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Abstract: FR-PO674

From ESRD to CKD5: An Unlikely Path for an Anti-Glomerular Basement Membrane (Anti-GBM) Patient

Session Information

Category: Glomerular Diseases

  • 1303 Glomerular Diseases: Clinical‚ Outcomes‚ and Trials


  • Middleman, Christopher F., Walter Reed National Military Medical Center, Bethesda, Maryland, United States
  • Watson, Maura A., Walter Reed National Military Medical Center, Bethesda, Maryland, United States

Anti-GBM is a rare small vessel vasculitis with estimated fewer than two cases per one million population. The disease is caused by circulating antibodies directed against the glomerular basement membrane and alveolar basement membrane, leading to glomerulonephritis (GN) and/or alveolar hemorrhage.

Case Description

A 60 year old female was admitted for acute renal failure with a rapidly rising serum creatinine. Lab work-up revealed a highly elevated anti-GBM titer. Kidney biopsy revealed 100% crescentic disease with 15% interstitial fibrosis and tubular atrophy due to anti-GBM. Plasmapheresis plus immunosuppressive therapy (cyclophosphamide and steroids) vs. IV steroids followed by oral taper were considered. Given her biopsy findings conveyed low likelihood of renal recovery the patient elected treatment with IV, followed by oral, steroids and initiated chronic dialysis May 2020. Her anti-GBM antibody activity was monitored monthly (peak of 153 units May 2020) and down-trended over time. She reported increased urine output in early summer 2021 and 24 hour urine studies, completed between dialysis sessions, revealed an up-trending creatinine clearance. Her dialysis needs decreased to twice-weekly and she was ultimately liberated from dialysis entirely 16 months after initiation.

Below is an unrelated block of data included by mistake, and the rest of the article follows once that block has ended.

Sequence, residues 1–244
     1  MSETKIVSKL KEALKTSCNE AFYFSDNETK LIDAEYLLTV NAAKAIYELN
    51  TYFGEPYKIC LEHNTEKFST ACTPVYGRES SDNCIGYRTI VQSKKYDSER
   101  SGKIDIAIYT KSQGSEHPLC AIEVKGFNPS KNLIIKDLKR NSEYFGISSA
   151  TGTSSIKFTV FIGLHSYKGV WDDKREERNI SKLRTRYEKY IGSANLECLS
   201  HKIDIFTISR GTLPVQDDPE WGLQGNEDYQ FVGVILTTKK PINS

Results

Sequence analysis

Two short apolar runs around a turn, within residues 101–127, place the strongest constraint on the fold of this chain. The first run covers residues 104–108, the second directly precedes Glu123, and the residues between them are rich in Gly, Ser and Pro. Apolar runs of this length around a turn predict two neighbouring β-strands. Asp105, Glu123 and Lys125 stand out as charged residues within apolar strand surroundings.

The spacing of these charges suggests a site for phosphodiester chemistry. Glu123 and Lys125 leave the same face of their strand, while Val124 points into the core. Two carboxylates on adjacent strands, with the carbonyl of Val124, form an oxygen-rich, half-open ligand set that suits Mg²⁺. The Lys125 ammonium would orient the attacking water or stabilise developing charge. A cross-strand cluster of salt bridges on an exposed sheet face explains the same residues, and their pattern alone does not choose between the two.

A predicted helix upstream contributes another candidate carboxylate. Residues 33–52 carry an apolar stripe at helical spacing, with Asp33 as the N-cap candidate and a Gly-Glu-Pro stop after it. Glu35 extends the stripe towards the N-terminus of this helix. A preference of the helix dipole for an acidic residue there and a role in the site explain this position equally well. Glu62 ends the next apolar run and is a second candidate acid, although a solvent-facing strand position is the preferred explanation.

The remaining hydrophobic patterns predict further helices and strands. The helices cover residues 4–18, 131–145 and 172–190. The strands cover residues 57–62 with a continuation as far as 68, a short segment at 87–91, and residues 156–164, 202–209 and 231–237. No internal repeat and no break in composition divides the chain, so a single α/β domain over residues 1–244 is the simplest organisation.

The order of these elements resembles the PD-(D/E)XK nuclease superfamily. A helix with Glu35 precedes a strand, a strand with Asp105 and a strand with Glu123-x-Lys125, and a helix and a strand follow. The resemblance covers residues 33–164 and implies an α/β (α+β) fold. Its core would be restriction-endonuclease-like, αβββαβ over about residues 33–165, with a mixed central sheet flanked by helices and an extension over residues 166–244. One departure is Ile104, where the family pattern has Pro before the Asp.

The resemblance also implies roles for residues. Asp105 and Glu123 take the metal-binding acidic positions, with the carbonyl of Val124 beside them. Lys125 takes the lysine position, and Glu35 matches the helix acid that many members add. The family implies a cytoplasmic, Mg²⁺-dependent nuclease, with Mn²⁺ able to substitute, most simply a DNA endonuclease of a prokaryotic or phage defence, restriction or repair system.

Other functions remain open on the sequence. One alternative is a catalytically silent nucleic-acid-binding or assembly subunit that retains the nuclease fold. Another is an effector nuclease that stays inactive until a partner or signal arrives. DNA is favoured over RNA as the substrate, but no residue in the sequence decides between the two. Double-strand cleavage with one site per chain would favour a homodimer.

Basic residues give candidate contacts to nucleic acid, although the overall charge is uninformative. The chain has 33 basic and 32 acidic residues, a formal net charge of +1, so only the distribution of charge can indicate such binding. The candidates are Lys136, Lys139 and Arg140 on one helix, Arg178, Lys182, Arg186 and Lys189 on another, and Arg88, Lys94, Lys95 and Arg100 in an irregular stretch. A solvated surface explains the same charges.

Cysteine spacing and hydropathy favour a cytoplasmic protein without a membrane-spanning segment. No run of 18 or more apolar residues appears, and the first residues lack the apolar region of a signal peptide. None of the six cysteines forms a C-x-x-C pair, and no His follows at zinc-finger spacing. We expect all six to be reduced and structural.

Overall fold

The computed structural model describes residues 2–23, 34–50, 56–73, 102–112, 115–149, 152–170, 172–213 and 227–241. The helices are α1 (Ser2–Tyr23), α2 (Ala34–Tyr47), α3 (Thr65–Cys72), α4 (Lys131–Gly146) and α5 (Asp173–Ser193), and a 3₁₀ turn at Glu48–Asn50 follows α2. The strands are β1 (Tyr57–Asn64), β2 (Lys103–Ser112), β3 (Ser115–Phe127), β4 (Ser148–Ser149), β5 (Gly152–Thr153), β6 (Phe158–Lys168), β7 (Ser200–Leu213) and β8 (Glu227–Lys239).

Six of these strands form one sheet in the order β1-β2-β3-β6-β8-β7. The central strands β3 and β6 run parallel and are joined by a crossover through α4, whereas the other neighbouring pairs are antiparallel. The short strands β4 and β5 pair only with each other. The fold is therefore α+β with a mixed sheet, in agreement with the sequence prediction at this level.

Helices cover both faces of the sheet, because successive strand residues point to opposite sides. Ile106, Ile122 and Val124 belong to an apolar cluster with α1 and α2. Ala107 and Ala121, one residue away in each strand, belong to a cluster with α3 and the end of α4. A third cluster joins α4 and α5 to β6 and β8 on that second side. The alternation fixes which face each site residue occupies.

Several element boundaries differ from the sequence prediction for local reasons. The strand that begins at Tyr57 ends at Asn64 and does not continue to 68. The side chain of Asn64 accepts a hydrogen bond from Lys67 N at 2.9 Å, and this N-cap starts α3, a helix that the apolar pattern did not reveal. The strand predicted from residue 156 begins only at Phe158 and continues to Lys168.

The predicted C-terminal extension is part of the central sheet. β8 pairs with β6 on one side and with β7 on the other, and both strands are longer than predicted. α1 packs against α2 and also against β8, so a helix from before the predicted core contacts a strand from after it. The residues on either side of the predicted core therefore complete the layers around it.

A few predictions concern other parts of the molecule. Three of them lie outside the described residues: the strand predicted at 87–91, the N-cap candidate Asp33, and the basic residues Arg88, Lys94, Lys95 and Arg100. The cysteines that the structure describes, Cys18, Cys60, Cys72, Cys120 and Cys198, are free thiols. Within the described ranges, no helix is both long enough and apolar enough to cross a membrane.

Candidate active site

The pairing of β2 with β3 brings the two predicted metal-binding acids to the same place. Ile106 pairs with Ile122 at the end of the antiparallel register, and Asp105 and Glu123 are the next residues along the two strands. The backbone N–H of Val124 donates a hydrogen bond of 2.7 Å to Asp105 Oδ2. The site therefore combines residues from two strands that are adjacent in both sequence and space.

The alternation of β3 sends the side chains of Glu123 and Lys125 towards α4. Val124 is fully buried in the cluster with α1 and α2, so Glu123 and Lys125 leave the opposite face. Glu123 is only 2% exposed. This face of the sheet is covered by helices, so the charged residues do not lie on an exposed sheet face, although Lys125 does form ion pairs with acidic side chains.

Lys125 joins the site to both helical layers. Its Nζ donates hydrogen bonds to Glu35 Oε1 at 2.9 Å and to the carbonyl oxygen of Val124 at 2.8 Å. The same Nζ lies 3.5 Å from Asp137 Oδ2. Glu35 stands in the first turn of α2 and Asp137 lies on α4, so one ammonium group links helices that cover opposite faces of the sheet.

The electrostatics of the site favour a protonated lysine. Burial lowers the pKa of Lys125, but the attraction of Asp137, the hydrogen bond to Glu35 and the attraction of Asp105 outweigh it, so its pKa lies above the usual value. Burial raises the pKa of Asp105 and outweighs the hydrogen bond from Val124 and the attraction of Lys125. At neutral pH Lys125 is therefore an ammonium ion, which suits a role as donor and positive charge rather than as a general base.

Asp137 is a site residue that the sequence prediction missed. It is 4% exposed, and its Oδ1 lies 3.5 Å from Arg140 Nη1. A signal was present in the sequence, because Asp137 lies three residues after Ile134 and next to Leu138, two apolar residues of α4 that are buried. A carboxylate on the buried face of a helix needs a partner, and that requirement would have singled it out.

Necrotizing anti-GBM associated GN with 100% crescent formation carries a poor renal prognosis and it is not unreasonable to forgo immunosuppressive therapy and plasmapheresis, as risks of these therapies often outweigh potential benefits. This case illustrates a patient who, not having received PLEX or cyclophosphamide, eventually recovered enough renal function to become a dialysis-free CKD5 patient. Other such case reports exist in literature and beckon us to ask: should we change our perspective of crescentic disease in anti-GBM and more strongly consider available therapies? Further research is needed to determine optimal treatment in anti-GBM patients with 100% crescent formation on biopsy.

The views expressed in this Abstract are those of the authors and do not reflect the official policy of the Department of the Army/Navy/Air Force, the Department of Defense, or the United States government